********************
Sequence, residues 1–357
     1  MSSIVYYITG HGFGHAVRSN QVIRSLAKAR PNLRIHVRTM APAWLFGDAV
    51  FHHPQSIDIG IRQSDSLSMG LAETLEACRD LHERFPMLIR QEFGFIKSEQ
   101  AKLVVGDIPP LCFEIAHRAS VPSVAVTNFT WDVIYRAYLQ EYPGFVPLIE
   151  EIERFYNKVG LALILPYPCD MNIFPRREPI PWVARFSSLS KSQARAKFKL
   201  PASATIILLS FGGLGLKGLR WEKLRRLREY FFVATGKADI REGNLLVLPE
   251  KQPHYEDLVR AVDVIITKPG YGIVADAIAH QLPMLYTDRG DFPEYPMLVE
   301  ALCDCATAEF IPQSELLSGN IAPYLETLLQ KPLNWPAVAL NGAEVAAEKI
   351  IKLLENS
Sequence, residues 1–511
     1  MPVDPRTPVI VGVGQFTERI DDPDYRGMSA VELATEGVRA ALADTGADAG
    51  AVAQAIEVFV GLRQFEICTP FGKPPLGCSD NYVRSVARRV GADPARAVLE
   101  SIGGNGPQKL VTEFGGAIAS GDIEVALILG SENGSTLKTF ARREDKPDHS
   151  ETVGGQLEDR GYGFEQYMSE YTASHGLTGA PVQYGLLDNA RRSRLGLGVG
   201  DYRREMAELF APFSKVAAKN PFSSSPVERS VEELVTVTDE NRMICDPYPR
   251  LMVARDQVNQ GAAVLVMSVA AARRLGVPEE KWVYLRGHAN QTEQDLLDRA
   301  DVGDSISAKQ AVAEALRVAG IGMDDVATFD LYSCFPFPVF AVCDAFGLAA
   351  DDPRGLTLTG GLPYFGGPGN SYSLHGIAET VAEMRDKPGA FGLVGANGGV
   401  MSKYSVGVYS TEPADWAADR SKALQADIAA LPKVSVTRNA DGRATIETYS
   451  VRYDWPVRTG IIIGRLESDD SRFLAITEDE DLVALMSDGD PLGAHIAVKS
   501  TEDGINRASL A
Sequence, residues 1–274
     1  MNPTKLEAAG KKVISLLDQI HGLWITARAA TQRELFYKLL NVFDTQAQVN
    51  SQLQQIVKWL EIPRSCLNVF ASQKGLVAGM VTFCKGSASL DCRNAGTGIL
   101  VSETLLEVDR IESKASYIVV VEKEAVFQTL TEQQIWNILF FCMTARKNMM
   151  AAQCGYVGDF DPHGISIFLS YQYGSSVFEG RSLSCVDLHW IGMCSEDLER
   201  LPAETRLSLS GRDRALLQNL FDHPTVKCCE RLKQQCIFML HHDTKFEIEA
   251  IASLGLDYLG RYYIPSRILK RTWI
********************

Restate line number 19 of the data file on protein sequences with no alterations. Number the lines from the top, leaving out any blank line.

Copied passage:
   401  MSKYSVGVYS TEPADWAADR SKALQADIAA LPKVSVTRNA DGRATIETYS